Haim Saban and wife Cheryl.
Haim Saban and wife Cheryl. Photo by Reuters
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Haim Saban, the Israeli-American media mogul who once shared control of Bezeq, is weighing a return to the telecommunications industry.

Ilan Ben-Dov's holding company Scailex said yesterday that it was in talks with Saban to sell him its controlling 44.5% of Partner Communications. But the company added it was also in negotiations with otherparties to sell the stake - and that the talks with Saban had not yet yielded any agreement.

"The company is holding talks with the Saban group and simultaneously is examining other deals with additional entities," Scailex said. "No agreements have been reached with any entity and there is no certainty these talks will result in a binding agreement."

Meanwhile, TheMarker has learned that Saban also previously explored buying control of Cellcom Israel. His representatives held talks with Nochi Dankner's IDB group, Cellcom's parent company, but the discussions stopped short because Dankner sought too high a valuation for the company.

Both Ben-Dov and Dankner are carrying massive debts and need to find cash quickly. Ben-Dov was close to selling Partner back to the Hong Kong conglomerate Hutchison Whampoa in the summer, before the latter rescinded its offer.

News of the talks between Scailex and Saban lifted the shares and bond prices for all the companies involved in trading on the Tel Aviv Stock Exchange yesterday. Partner stock jumped 7.4% to NIS 21.80, raising its market valuation to NIS 3.4 billion. Scailex soared 41.8%, while its bonds rose as much as 12%, although that still left them at junk yields of up to 80%.

Of Scailex's Partner shares, 16% of the 44.5% are pledged to bondholders and 12% to Hutchison, which made a $300 million loan to Scailex to buy Partner from it three years ago.

If Saban does agree to buy Partner, he will acquire it in stages, taking the 16.6% of Scailex's Partner shares that are unpledged for a sum of NIS 550 million to NIS 650 million, or NIS 22 to NIS 25 each.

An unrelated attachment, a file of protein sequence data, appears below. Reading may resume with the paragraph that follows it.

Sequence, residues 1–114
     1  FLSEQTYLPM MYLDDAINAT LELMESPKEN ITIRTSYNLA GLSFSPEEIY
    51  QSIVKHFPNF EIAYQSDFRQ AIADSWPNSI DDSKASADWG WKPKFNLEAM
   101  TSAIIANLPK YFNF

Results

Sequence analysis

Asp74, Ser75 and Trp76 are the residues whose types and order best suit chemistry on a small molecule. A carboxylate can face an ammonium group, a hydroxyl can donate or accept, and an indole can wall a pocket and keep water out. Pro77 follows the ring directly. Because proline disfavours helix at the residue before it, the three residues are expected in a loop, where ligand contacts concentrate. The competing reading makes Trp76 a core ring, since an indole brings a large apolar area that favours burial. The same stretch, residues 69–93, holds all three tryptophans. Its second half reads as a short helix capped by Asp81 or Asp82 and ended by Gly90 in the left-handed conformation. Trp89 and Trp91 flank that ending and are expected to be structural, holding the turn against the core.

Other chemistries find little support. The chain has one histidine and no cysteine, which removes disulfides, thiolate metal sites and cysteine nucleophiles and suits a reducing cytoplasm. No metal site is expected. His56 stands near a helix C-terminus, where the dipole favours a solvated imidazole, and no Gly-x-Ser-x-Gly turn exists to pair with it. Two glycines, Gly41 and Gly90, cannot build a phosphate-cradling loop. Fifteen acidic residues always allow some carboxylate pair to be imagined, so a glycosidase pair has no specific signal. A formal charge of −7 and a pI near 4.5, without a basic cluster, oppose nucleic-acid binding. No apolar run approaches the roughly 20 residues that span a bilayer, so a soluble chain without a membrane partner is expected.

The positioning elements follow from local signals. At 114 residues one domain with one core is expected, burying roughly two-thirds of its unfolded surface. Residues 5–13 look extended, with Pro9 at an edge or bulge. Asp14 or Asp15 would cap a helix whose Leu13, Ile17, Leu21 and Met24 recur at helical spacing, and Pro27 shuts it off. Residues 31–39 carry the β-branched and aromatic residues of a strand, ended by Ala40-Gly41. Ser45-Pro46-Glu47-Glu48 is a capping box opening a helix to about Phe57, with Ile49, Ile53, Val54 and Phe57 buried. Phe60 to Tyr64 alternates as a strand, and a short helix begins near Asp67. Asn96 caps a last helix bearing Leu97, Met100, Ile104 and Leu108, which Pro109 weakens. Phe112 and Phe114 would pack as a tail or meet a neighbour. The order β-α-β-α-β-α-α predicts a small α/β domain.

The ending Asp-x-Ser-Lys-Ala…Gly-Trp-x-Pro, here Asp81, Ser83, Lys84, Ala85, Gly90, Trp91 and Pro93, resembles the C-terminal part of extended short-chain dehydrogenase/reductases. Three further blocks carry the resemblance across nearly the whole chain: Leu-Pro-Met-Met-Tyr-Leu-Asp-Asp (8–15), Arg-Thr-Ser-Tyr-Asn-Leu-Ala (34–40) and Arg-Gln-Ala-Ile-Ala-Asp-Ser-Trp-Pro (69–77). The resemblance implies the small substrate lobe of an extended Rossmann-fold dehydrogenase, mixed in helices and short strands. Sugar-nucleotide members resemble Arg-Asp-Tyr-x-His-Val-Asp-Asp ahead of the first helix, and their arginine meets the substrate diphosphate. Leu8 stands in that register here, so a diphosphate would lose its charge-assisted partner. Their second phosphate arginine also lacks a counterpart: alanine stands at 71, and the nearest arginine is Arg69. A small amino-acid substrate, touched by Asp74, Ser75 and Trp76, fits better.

Meanwhile, Saban reportedly will open talks with Bank Leumi about buying its 5% Partner stake at the same price, or a total of NIS 200 million. Likewise, he will try and buy out other major Partner shareholders, such as Migdal Insurance and the investment house Excellence.

Market sources believe Leumi would answer favorably to an offer of NIS 25 a share, but the bank has not yet been approached. .

Another aspect of the Partner deal would have Saban injecting somewhere between NIS 700 million and NIS 1 billion into Partner, in exchange for an issue of new shares. That would dilute the existing shareholders, including Scailex, which would have to approve the plan.

That cash would be used to bolster Partner's balance sheet and enable it to resume paying out big dividends. The company recently canceled its payout policy, which had assigned 80% of net profit to dividends.

In spite of the big shake-up in the mobile market earlier this year, Partner continues to generate NIS 1 billion in cash annually and has less debt than Cellcom. That explains why Saban apparently values it at about NIS 4 billion.

If Saban's multipronged strategy is completed as planned, he will end up with between 35% and 40% of Partner, at an investment of NIS 1.5 billion. Scailex will hold 20% and the rest held by the public.

But many in the capital market believe that Saban will also make a general offer to minority shareholders at a total cost of NIS 400 million to NIS 500 million, which would put him in complete control of Partner.

Saban, together with the British buyout fund Apax and Israeli entrepreneur Mori Arkin, sold Bezeq to Shaul Elovitch in 2010 for NIS 6.5 billion, earning Saban a 300% return.

Two obstacles stand before Saban. The first is Scailex's bondholders, who among other things may demand immediate repayment of the debt if he takes control. The second is Hutchison, which may be asked to consider a delay in Scailex's repayment of its loan as part of the Saban takeover.